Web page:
New plans by the government are hoped to boost the fortunes of the construction industry, largely by removing planning obstacles to fast-track housing developments.
The measure will allow developers to refer their applications to the Planning Inspectorate. In cases of local authorities being slow in processing applications, threatening the project’s viability, they are likely to be fast-tracked.
Other measures announced see legislation introduced to guarantee £10bn worth of new home projects and £40bn of major infrastructure projects.
Speaking about the package, David Cameron said it shows the seriousness of government to get the economy in shape. The Prime Minister went on to say:
“[It] means more investment around the county; more jobs for our people; and more young families able to realise their dreams and get on the housing ladder.”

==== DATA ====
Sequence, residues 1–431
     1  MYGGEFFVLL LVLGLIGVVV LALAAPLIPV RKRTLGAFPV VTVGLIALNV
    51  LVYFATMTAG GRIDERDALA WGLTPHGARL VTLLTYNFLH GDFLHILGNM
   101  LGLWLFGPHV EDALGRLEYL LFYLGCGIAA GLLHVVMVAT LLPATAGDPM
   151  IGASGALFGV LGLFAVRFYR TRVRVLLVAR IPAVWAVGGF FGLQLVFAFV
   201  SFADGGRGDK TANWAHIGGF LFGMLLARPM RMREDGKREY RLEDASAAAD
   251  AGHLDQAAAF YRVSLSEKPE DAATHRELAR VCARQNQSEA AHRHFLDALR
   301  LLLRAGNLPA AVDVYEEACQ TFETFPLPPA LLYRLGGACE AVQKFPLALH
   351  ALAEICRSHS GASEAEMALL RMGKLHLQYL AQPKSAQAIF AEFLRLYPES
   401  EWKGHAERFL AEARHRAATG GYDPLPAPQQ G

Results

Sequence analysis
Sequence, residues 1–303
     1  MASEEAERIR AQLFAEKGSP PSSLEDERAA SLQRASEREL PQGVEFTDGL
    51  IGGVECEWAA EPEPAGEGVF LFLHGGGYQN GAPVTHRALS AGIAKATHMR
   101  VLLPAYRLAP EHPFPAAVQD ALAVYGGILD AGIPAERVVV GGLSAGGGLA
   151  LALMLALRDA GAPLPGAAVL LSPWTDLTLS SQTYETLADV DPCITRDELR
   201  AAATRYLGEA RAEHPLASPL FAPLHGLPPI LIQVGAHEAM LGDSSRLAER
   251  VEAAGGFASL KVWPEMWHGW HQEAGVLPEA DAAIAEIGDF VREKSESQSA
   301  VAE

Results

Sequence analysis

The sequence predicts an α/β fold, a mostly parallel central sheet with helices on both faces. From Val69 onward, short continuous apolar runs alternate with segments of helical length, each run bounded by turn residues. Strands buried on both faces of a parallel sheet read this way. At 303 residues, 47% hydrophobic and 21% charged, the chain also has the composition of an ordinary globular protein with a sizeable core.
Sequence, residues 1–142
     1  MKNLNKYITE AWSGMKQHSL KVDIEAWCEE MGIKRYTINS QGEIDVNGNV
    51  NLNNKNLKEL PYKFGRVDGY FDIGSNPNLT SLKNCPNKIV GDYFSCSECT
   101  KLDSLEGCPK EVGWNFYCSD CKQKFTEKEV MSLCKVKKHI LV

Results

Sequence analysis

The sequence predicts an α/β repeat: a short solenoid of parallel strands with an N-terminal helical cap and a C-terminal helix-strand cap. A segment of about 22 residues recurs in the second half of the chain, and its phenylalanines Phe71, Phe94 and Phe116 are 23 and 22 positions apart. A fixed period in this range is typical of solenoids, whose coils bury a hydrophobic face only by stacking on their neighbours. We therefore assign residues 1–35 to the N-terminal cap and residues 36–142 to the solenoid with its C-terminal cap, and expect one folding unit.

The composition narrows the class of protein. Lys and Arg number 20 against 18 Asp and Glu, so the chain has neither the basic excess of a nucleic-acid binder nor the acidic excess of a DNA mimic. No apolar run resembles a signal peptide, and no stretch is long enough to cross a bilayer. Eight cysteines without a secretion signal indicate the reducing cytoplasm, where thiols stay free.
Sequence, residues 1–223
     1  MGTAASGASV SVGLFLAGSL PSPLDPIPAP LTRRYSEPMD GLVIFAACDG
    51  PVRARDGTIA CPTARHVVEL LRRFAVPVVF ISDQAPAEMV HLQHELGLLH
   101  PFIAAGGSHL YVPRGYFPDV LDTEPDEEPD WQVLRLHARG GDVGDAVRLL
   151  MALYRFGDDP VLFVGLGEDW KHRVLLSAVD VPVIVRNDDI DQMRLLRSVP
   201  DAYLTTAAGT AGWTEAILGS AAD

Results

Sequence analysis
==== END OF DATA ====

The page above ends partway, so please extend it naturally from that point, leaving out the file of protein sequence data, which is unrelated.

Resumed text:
The announcement received support from CBI director-general John Cridland who said:
“Making planning cheaper, quicker and easier will unblock stalled housing developments and provide a fillip to business confidence.”
However, he stressed it was important that details were confirmed urgently.
There was also a lukewarm greeting from the National Federation of Builders, though chief executive Julia Evans also said:
“The planning system needs a root and branch reform.”
The Association for Consultancy & Engineering also described the plans as “promising” but suggested progress would be slow and could potentially not prove to be cost effective.
Construction union Ucatt went further, saying the housing crisis could be worsened, resulting in fewer affordable houses being built.
From laying the foundations and industrial concrete floors to topping out, many firms in the industry will hope this is not true, with the plans helping revive their fortunes.
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